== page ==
ATHENS - Jerry J. Schaffer, 80, beloved husband of Robin (nee Bowe) for 44 years. Loving father of Kathryn Schaffer (Erik Nichols) of Chicago and Jeremy (Abby) Schaffer of Athens. Devoted grandfather of Clara Nichols and Emma and Cooper Schaffer.
Jerry is survived by a sister, Joan (the late Jack) York; brothers-in-law Bill Hoelker and Dave Thomas; and sister-in-law Barb Schaffer. He was preceded in death by his sisters, Judy Thomas and Jean Hoelker; and brother, Joseph Schaffer, all of Cincinnati. A long-time resident of Athens, he died in his home on Thursday, Feb. 20, 2020, in the company of family and close friends. He was 80 years old.
Born into a musical family, Jerry lived life with a beat in his step. At home and at work, with old friends and new acquaintances, he lived and loved generously, connecting with people from every background through art, music, humor, compassion, and his exuberant love of life. No matter the situation, he was sure to remark "there's a song for that!" Even at the very end, when he lost the ability to walk, he never stopped dancing.
Schaffer was one of five children born to Joseph and Loretta Schaffer, of Cincinnati. After graduating from Elder High School in Cincinnati, he attended St. Gregory's Seminary and Mt. St. Mary's seminary, later achieving a Masters in Education from Xavier University.
In his early work as a priest and high school teacher, his involvement in impoverished neighborhoods in Cincinnati led him to a concerted engagement with the Civil Rights movement of the 1960s. He worked under Jesse Jackson and alongside Rev. Otis Moss as part of the Operation Breadbasket project launched by the Southern Christian Leadership Conference. He also worked closely with Cincinnati-based Civil Rights and peace activist Rev. Maurice McCrackin.
Through the late 1960s and into the 1970s, Schaffer led community initiatives to fight hunger, poverty, and injustice in Cincinnati and beyond, including the Cincinnati Hunger Coalition, the Hunger Coalition of Ohio, and later the Appalachian People's Action Committee. He moved to Southeastern Ohio in the 1970s to pursue a career in mental health and social work, taking a position as the Director of the Southern Tri-County Community Board of Mental Health in 1974.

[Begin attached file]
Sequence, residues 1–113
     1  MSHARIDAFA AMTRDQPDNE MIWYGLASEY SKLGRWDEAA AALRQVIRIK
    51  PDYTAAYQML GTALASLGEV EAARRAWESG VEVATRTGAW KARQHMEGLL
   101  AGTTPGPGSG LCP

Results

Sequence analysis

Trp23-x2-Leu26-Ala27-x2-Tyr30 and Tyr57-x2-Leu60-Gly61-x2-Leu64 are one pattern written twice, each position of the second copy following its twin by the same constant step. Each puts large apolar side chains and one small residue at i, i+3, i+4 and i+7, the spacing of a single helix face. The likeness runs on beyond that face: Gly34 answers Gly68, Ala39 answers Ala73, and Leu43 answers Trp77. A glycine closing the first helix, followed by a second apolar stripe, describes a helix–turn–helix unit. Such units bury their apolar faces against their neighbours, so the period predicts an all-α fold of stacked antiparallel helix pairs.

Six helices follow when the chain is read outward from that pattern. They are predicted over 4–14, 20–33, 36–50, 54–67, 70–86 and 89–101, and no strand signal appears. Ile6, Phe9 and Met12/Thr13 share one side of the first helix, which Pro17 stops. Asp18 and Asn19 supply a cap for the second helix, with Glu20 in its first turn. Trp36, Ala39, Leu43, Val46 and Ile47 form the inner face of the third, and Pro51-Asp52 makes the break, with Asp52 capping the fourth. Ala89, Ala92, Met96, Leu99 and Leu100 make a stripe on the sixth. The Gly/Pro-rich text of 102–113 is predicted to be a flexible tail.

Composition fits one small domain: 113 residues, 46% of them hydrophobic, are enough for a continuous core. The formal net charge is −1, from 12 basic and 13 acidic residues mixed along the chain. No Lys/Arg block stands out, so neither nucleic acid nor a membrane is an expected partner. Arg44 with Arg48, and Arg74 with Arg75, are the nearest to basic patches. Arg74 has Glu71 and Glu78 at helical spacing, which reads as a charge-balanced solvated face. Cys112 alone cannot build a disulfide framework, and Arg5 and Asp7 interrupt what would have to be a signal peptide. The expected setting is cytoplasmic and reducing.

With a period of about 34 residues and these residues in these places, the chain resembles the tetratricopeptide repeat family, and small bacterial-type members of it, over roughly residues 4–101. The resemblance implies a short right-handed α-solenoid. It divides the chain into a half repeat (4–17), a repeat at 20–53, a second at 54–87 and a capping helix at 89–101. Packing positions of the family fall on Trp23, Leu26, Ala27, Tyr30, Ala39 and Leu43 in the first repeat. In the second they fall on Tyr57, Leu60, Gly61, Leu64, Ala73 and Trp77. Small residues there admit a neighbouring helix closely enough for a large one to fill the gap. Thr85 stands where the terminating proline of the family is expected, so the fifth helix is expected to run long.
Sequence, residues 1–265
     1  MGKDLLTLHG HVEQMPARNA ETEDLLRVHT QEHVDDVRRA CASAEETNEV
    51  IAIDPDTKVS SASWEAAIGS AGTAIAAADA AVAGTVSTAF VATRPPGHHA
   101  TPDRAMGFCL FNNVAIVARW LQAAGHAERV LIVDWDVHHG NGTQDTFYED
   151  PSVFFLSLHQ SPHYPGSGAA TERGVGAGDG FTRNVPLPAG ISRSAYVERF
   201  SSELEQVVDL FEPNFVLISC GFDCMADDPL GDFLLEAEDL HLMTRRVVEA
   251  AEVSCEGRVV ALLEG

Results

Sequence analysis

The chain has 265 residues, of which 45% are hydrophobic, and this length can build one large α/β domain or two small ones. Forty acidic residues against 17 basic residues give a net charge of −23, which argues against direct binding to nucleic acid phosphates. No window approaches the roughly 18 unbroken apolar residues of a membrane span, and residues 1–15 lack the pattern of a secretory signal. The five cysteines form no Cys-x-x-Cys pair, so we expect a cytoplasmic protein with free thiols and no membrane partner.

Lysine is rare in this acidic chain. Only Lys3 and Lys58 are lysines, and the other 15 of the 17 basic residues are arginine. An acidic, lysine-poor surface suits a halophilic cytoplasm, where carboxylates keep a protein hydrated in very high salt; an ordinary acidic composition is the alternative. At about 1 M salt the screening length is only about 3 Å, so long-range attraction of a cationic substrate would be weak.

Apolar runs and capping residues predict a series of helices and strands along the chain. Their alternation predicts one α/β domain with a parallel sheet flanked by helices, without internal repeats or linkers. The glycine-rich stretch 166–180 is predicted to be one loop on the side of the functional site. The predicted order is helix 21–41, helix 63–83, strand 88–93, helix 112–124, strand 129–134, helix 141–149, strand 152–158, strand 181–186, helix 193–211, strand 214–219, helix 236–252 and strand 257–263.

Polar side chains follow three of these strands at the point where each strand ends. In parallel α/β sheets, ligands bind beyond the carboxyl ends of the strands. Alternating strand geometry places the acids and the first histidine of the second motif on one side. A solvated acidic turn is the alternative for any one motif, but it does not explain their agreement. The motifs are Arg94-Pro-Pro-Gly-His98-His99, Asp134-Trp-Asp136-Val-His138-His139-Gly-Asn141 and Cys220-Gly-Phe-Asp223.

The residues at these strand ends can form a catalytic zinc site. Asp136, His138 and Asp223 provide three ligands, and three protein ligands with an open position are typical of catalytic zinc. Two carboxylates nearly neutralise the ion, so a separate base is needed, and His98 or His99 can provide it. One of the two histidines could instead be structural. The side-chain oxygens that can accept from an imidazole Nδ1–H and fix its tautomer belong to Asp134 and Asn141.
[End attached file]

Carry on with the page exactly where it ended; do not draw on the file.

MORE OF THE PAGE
He married Robin Windsor Bowe in 1975, and raised two children with Robin as active members of the Athens community. In 1990, he obtained clinical licensure to become a geriatric mental health counselor for the last years of his career. Committed to supporting dignity and resilience through the power of direct human connection, he continued to volunteer with the Red Cross well into his retirement, providing mental health services to families stranded in hurricane crisis centers.
Beginning with a family variety act ("The Schafferettes") in his childhood, and ending with open mic nights at local Athens bars, Jerry was a performing musician his entire life. He played piano and washboard, as well as playing drums in several Athens-based rock bands.
He was also an accomplished painter, and his watercolor and acrylic paintings (many of Athens scenes) are in homes and businesses around the region. He loved travel, opera music, boating with Robin on the Ohio River, practicing Spanish, and goofing around with his grandkids. His favorite way to celebrate everyday life was with a Jack Daniels on the rocks, enjoyed by the fire.
Ever giving, Jerry planned a final bequeathal to the medical science and education programs at Ohio University. The family will announce a memorial party at a future time. Donations in Jerry's honor may be sent to the Red Cross.
To plant trees in memory, please visit our Sympathy Store
Published by The Athens Messenger from Feb. 24 to Feb. 26, 2020.